In the most recent document filed, the response to the civil claim by The Attorney General of Canada, the Minister of Public Safety and Solicitor General and Cpl. Lacy Browning said they got the call that Wang was suicidal and had become unresponsive to text messages. She was described as having a history of prior suicide attempts by ingesting medication.

In the response to the lawsuit, Const. Browning said she was initially unable to get into the building, but when she did gain access she entered Wang's suite after the door was unlocked. Once in, she found her in the bathroom.

"Wang was lying on the floor on her right hand side," the lawsuit response states.

"She was motionless and her left arm was not visible as it was tucked behind her."

Wang, according to Const. Browning, appeared to be breathing, her eyes were closed though she was observed to flutter her eyes briefly.

Const. Browning also said Wang had a boxcutter knife in her right hand with the blade extended. She had lacerations to her chest and upper arm, which were bleeding.

There were empty acetaminophen and melatonin bottles on the floor, as well as loose pills, and a nearly empty bottle of red wine.

The lawsuit said Const. Browning, then formed the opinion that Wang had ingested a significant quantity of alcohol, acetaminophen and melatonin and had used the box cutter knife to cut herself.

Const. Browning said she asked Wang repeatedly to wake up, but she did not, so she performed a sternum rub on Wang "to ascertain her true level of consciousness."

"The plaintiff immediately responded by opening her eyes and yelling," reads the civil suit response.

Wang, Const. Browning said in the response, was then asked to sit up immediately and show her left hand, which remained behind her back.

"The plaintiff did not do so and began to curse and yell at (Browning) asking to be killed. She continued to lie on the ground with her hand obscured behind her back," according to the civil claim response.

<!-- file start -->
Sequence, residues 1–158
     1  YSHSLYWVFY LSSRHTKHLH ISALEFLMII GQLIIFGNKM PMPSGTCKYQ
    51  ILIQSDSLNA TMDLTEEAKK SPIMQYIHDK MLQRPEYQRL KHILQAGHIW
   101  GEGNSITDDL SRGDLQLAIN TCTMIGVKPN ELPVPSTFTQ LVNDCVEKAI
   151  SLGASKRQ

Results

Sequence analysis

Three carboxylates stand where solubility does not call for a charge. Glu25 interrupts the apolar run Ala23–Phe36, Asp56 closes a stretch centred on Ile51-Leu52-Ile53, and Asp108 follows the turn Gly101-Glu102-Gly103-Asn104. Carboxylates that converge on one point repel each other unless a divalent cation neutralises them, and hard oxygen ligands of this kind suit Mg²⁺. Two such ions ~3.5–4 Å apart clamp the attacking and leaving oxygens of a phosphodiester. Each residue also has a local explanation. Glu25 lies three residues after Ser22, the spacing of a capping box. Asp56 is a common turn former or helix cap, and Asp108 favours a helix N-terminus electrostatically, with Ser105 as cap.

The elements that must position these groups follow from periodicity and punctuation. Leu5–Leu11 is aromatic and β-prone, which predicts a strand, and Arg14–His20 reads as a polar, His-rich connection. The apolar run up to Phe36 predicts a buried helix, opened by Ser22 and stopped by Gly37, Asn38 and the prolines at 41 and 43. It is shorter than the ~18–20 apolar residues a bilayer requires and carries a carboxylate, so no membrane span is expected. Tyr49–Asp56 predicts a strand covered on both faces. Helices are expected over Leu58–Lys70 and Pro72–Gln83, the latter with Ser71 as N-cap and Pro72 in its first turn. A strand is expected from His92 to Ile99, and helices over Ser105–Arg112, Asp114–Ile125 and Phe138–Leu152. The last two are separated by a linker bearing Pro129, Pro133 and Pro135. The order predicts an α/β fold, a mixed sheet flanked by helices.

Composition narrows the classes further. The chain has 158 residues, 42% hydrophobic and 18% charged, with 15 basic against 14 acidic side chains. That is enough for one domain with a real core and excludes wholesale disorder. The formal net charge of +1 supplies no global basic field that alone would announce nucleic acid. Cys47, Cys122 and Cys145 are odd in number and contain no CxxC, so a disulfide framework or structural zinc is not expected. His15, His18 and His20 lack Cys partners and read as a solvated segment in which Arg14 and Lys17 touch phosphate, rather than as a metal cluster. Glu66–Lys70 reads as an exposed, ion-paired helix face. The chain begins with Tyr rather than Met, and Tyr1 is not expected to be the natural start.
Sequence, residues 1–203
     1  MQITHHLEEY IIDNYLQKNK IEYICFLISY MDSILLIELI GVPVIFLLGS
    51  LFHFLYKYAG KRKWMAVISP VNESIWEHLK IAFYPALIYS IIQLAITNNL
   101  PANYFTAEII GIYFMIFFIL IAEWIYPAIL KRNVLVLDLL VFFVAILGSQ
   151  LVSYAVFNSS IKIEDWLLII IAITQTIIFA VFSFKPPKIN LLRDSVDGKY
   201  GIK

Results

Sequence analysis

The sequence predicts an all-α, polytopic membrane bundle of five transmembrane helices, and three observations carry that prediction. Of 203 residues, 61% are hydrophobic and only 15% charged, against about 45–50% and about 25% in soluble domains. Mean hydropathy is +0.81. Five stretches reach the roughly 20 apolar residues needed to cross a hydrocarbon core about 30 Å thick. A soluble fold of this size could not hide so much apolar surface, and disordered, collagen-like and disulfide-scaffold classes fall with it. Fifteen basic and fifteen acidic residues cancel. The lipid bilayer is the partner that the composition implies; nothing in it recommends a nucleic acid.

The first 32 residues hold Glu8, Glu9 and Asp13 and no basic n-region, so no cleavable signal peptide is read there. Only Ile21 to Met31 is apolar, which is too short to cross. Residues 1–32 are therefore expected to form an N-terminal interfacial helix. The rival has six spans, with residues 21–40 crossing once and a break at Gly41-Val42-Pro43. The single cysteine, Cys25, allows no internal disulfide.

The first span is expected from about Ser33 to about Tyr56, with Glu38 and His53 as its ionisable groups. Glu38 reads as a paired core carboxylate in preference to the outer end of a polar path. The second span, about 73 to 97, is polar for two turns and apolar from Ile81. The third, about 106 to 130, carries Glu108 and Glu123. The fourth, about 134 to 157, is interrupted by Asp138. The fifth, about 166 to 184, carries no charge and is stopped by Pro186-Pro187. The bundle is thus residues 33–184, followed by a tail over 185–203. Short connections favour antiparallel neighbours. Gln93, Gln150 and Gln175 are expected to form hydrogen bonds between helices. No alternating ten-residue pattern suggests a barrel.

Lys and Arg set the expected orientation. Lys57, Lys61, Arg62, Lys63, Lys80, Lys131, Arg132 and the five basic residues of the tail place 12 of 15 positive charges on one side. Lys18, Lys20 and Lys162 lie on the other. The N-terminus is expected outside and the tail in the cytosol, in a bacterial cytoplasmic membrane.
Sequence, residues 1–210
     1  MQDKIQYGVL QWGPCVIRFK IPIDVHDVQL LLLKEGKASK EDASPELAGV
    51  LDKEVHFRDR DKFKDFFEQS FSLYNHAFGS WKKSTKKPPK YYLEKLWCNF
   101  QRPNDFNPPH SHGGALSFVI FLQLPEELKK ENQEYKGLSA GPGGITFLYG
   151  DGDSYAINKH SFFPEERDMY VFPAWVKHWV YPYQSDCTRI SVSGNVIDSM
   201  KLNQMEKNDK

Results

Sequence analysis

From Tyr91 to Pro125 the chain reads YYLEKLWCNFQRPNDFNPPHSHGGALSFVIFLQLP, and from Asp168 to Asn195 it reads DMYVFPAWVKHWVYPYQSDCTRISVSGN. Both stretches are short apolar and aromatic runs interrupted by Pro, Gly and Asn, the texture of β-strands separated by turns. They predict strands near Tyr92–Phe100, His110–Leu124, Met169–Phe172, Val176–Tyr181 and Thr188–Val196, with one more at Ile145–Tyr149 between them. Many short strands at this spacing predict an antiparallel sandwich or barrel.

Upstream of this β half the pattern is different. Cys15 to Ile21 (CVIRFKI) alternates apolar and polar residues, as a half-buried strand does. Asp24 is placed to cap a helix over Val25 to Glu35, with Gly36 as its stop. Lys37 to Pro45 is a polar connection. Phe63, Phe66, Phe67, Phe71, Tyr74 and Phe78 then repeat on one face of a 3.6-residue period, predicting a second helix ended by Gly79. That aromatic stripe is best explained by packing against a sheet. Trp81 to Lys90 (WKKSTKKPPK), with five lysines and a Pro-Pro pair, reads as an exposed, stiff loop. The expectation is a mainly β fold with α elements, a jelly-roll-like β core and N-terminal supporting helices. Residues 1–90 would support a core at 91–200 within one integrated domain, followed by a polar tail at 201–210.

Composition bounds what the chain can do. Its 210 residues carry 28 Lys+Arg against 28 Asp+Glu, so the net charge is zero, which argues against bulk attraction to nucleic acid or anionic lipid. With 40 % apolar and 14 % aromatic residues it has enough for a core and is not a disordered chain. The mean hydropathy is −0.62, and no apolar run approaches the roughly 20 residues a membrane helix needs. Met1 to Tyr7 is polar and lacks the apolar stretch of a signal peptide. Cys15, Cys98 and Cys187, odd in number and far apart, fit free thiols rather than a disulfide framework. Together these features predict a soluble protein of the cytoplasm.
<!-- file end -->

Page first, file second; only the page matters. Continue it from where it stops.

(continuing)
Based on the behaviour, described in the court document as "bizarre and erratic," and that she allegedly was "asking to be killed," Const. Browning formed an opinion that Wang was acting in a manner that was likely to endanger her safety.

Const. Browning said she told Wang she would be apprehended under the Mental Health Act.

"(Const. Browning) then grabbed the plaintiff's left arm and pulled her onto her stomach to check for an additional weapon, though none was present," reads the response.

"(She) then ordered the plaintiff to stop resisting and put both hands behind her back. The plaintiff refused and continued to swear at (Const. Browning) asking to be killed."

Const. Browning said in the response she attempted to physically restrain Wang to arrest her but Wang resisted by "flailing her arms and swinging them" ... "while continuing to curse violently."

The police officer claimed she struck Wang several times with an open palm, "which subdued the plaintiff sufficiently" to be handcuffed. 

She then moved Wang into the living room and told her she was being apprehended under the Mental Health Act and would be taken to the hospital.

Const. Browning said she asked the plaintiff to stand up so they could leave the suite. Wang, it said in the suit, refused and continued to curse at Browning and asked to be killed, so Browning dragged her to the lobby.

They then walked to Const. Browning's police vehicle and she transported Wang to KGH, where she collapsed on the floor.

RCMP denies Const. Browning misled medical professionals, and that the plaintiff suffered losses or damages and that Const. Browning's actions were "in accordance with the common law, which includes the preservation of the peace, the prevention of crime the presentation and investigation offences against the law."

—Correction: Staff Sgt. Janelle Shoihet was titled Cpl. Janelle Shoihet in an earlier version of this story.

To contact a reporter for this story, email Kathy Michaels or call 250-718-0428 or email the editor. You can also submit photos, videos or news tips to the newsroom and be entered to win a monthly prize draw.